The city argues that interpreting Minn. Stat. § 462.357, subd. 5, to require all owners of a jointly-owned property to consent to a zoning amendment would require it to conduct expensive title searches to ensure consent has been obtained from all owners of a property. But here, Edith Kuross was named as a property owner on the certified list of property owners provided to National, and determining that Edith Kuross was an owner of three of the descriptions within 100 feet of the vacant parcel would not have imposed any additional administrative hardship on the city. In any event, administrative convenience does not outweigh a property owner's rights under Minn. Stat. § 462.357, subd. 5, and any remedy for overly burdensome statutory requirements lies with the legislature. Cf. Glen Paul Court Neighborhood Ass'n v. Paster, 437 N.W.2d 52, 56 (Minn. 1989) (administrative convenience did not outweigh property owners' statutory right to individual notice of zoning amendment; if individual notice requirement became too burdensome for city, its remedy rested with legislature).

Because National did not file written consent to its petition from Edith Kuross, it did not file written consent from the three properties she owned jointly with her husband. Consequently, National filed written consent to the amendment from only three of the seven neighboring properties and did not meet the consent requirement of Minn. Stat. § 462.357, subd. 5. The city, therefore, had no jurisdiction to amend its zoning ordinance, and the ordinance rezoning the vacant parcel is void.

2. Appellants next argue that Minn. Stat. § 462.357, subd. 5, required National to file written consent to its amended rezoning petition from the owners of two-thirds of the neighboring properties. We agree that in this case, Minn. Stat. § 462.357, subd. 5, required National to file written consent to the amended petition from neighboring property owners.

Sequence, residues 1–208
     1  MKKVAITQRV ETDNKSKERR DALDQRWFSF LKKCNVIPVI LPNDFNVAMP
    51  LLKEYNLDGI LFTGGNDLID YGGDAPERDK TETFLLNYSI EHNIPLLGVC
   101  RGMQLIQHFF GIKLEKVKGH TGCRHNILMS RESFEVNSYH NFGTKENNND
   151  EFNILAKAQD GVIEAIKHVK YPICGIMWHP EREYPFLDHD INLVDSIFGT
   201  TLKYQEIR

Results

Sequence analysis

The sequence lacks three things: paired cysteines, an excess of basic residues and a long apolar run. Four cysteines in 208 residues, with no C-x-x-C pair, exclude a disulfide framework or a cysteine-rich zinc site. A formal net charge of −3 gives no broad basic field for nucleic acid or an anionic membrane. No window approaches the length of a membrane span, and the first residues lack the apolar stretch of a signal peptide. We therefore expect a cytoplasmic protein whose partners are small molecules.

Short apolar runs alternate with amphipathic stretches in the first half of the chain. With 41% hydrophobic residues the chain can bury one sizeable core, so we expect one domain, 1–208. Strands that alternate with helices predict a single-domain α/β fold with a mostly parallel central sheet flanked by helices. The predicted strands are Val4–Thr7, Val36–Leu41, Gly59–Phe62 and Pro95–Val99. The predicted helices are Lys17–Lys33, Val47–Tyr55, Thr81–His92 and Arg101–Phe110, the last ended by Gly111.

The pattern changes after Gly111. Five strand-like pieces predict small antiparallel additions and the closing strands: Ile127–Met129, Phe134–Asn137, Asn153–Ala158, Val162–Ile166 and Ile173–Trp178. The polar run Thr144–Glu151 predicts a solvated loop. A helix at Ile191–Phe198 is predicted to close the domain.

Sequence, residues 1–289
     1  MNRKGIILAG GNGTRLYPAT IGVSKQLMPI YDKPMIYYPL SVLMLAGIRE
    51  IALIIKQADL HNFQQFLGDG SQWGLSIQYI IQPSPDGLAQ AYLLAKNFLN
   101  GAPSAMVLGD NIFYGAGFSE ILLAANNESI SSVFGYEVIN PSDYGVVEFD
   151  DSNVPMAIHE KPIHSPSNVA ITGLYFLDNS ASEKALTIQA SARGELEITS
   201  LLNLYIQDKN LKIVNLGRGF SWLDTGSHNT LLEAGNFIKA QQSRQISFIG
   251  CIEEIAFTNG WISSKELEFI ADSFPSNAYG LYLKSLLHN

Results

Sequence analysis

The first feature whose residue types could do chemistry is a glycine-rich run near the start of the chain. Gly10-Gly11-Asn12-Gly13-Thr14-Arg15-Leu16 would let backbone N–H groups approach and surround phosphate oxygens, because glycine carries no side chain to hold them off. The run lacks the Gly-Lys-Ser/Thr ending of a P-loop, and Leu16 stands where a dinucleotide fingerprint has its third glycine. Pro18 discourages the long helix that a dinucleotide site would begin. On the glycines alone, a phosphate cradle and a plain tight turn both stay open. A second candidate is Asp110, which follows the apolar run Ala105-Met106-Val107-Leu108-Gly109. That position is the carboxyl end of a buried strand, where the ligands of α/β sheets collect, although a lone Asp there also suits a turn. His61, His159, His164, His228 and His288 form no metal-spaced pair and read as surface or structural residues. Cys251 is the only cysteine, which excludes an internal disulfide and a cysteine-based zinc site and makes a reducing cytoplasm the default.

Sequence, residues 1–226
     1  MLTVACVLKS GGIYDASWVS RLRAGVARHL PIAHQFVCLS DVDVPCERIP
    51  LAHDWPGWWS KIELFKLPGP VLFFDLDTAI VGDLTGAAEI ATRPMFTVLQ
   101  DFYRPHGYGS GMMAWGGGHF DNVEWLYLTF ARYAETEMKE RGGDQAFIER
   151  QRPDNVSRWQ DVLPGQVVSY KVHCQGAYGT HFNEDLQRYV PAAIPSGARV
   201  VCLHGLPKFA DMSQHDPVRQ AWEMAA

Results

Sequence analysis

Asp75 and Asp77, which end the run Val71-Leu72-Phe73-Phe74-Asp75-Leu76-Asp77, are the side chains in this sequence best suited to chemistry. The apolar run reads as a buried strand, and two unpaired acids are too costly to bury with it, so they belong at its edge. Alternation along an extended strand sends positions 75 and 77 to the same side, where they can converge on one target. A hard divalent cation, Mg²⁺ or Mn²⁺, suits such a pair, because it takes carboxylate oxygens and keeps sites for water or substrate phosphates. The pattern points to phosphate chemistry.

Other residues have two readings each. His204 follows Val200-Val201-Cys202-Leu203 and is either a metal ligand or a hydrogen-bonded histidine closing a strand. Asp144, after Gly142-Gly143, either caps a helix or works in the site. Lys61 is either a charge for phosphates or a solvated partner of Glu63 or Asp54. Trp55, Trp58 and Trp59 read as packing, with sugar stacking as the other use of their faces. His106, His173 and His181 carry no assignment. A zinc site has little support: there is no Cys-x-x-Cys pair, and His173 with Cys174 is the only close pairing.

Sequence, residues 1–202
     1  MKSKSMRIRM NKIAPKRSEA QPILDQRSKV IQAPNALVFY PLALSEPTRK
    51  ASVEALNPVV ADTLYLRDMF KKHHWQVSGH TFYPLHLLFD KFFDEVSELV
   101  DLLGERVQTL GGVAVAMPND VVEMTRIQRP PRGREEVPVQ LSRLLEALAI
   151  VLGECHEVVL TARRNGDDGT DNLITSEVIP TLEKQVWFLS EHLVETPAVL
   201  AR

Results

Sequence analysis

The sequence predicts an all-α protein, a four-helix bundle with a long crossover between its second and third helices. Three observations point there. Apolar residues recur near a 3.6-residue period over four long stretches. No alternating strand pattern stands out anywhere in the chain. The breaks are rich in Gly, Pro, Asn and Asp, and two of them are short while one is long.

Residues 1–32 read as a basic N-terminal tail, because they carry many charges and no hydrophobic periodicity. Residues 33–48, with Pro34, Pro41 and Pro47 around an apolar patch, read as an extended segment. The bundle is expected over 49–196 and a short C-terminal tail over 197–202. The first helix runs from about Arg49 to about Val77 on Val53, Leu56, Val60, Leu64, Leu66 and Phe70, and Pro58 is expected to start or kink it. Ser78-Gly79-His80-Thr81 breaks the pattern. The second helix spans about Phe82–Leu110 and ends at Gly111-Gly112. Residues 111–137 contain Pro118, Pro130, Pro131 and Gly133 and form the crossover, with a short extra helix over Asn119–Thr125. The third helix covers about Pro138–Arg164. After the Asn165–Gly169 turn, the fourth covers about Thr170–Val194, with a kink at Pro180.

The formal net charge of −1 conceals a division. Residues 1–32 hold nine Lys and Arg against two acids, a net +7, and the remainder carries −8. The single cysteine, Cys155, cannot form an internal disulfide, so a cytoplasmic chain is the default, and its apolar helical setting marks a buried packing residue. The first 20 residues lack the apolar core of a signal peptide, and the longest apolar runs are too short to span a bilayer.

Under the B3C-4 classification National originally sought, National could build a luxury suite hotel with convention facilities. Under the B3-2 classification sought in the amended petition, National could build a suite hotel with limited meeting room space and the ability to provide only continental breakfast service. It cannot be assumed that a neighboring property owner who consented to rezoning a parcel to one zoning classification also consented to rezoning the parcel to all lesser-included classifications. It is possible that a neighboring property owner who consented to a luxury hotel with convention potential did so because the property owner anticipated that the convention facility would create opportunities for using the nearby properties. Thus, although the B3-2 classification allows a less-intensive use of the property than the B3C-4 classification originally sought, the amendment to the petition can be viewed as a change in the character of the rezoning, not as a de minimis change.

Consequently, although we do not decide whether consent from neighboring property owners is necessary for a de minimis change in a rezoning petition, we hold that when an amendment to a rezoning petition involves more than a de minimis change, Minn. Stat. § 462.357, subd. 5, requires the petitioner to file written consent to the amended petition from the owners of two-thirds of the descriptions of real estate within 100 feet of the affected property.